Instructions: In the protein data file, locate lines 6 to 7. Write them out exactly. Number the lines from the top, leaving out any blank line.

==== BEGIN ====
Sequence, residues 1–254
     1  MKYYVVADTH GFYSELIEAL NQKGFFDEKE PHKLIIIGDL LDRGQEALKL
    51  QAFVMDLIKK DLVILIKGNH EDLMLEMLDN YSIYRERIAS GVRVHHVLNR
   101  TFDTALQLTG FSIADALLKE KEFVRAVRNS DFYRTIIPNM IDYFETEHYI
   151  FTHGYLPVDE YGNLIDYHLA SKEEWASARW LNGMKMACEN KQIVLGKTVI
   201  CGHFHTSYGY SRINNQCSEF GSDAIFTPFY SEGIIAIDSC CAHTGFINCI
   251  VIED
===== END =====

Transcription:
   201  CGHFHTSYGY SRINNQCSEF GSDAIFTPFY SEGIIAIDSC CAHTGFINCI
   251  VIED